Educators from across the world ruefully agree that the way a curriculum is currently set-up actually stiﬂes creativity, instead of giving students space to grow and explore possibilities. Even though educators have often valued creativity conceptually, many are not able to encourage it in real life due to various reasons.
Though creativity is a vast and subjective topic, there is now some data available around its impact and importance. Findings of an Adobe survey in India, ‘State of Creativity in Education’ reveal that 71% of educators strongly felt that they should be creative regardless of the subject they teach, 69% felt hamstrung by an education system that is not geared towards creativity and 89% of educators felt that technology and digital tools play an important role in fostering creativity among students.
In the last decade, the world has seen the ‘creative economy’ rise in terms of growth of creative industries like new media, design, visual arts and flms. India has witnessed phenomenal growth in its creative exports in the last ten years and this spurt in growth looks set to continue unabated— a clear indication that creativity is helping to create more jobs in the country.
A recent study by the Martin Prosperity Institute also shows that technology is one of the three key pillars that support the development of a creative economy in India. The study unearths a strong link between technological capability and creativity, highlighting that technology, connectivity, education and access are critical in cultivating creative individuals. The good news is that today’s generation of students want to make a difference in the world. They also want to do it their way, using the tools of the connected world they have grown up in. The emergence of new technologies, growth in social media usage and access to internet are creating an exciting environment to educate students and encourage their creativity. But the worrying reality is that these students do not get the required guidance as educators/teachers themselves are concerned about their own skill levels and ability to use technology to facilitate the teaching or education process. They are currently under pressure to acquire new skills in order to facilitate 21st century creative thinking in education and impart knowledge to students. They want to be empowered with platforms, resources and tools.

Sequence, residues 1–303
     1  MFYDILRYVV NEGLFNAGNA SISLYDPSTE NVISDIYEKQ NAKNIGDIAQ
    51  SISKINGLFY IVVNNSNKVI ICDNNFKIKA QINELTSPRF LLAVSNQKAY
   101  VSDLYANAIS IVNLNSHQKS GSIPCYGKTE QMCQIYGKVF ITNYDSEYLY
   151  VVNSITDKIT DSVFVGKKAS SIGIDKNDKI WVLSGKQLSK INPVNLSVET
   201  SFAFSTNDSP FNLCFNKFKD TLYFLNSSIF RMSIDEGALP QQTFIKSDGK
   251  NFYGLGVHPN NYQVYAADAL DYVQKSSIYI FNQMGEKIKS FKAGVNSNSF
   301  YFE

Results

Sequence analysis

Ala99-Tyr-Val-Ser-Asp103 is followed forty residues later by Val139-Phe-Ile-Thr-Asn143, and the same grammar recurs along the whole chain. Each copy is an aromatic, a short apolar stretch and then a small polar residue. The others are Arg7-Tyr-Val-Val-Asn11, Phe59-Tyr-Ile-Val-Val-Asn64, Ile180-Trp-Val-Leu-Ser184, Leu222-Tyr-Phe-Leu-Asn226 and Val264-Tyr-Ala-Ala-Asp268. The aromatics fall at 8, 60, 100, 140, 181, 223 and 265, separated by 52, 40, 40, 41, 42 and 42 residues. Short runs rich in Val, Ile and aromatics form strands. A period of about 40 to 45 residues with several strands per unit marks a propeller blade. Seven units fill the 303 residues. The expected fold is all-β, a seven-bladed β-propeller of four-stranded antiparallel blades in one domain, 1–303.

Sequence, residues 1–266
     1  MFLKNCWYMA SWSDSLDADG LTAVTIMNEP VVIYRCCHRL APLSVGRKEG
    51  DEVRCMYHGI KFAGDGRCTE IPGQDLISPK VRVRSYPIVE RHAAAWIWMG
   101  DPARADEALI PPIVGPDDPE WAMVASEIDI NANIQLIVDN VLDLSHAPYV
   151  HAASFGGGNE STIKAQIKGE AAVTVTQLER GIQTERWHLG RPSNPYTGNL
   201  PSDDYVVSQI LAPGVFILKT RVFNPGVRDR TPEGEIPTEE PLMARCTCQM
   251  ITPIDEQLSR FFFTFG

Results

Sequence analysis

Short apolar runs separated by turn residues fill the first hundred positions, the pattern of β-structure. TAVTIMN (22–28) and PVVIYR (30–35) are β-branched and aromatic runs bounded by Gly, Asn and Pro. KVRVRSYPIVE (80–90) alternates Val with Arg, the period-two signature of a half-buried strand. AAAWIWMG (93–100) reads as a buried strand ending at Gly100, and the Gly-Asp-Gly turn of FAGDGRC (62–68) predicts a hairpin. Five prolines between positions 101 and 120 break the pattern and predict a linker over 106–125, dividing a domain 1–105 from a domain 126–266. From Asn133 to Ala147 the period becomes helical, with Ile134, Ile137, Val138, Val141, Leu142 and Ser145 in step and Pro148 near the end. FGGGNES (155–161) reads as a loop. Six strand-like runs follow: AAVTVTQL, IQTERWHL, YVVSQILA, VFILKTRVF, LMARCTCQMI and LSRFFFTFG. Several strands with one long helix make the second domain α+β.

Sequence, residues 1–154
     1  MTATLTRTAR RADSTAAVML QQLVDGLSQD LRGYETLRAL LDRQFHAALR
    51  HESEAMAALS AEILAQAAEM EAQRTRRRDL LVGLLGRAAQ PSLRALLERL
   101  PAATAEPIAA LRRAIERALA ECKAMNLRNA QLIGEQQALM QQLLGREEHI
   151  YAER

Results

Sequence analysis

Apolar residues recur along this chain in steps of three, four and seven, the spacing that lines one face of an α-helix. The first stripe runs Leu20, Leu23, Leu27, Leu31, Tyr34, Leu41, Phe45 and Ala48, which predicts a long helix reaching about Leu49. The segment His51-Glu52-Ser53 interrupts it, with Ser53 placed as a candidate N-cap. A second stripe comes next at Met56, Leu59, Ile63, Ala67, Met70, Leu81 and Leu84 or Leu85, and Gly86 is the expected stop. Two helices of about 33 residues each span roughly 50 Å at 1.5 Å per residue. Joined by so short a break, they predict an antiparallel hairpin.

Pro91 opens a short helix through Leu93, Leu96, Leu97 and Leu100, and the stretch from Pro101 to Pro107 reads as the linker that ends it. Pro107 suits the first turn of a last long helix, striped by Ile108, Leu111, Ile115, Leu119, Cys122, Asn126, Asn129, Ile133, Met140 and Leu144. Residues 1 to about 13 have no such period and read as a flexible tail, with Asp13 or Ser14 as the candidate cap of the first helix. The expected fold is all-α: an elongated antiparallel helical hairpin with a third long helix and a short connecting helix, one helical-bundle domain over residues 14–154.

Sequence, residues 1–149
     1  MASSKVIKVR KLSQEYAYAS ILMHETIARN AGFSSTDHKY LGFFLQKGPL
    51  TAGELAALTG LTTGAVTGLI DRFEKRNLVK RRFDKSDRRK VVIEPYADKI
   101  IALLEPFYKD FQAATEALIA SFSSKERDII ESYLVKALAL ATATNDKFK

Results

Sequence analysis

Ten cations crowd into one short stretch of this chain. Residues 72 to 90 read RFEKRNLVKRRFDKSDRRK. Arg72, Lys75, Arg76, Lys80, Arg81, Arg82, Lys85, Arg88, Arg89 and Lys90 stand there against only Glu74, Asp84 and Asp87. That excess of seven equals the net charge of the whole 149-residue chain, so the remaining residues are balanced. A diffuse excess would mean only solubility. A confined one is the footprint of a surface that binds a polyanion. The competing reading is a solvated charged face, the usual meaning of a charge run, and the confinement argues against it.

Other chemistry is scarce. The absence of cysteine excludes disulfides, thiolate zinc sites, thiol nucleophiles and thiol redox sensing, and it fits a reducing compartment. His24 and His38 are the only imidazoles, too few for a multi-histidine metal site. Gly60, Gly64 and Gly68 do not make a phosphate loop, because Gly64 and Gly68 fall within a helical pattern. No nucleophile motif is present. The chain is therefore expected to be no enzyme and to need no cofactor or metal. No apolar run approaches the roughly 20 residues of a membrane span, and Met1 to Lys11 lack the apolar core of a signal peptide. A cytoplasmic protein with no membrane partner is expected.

The need of the hour is to provide an engaging learning environment that supports learning on any device, any time, from any location. It is imperative to foster creative thinking, collaboration, and the development of digital skills. Students and educators should get access to affordable industry-leading tools for expressing ideas and telling their own stories. This will help students develop the skills to communicate in a variety of media and succeed in their professional careers. Schools need to reinvent themselves in the digital age and move away from conventional teaching.
To address tomorrow’s complex challenges, we must prepare today’s students to be creators and innovators. They must learn to take risks, to iterate, to problemsolve, and to see and explore new possibilities. Creativity isn’t just the domain for artists but is required to solve scientifc problems and to fuel the economies of the future. Creativity is no longer an elective for educators, students and the education organisations. It is a mandatory requirement for a successful future.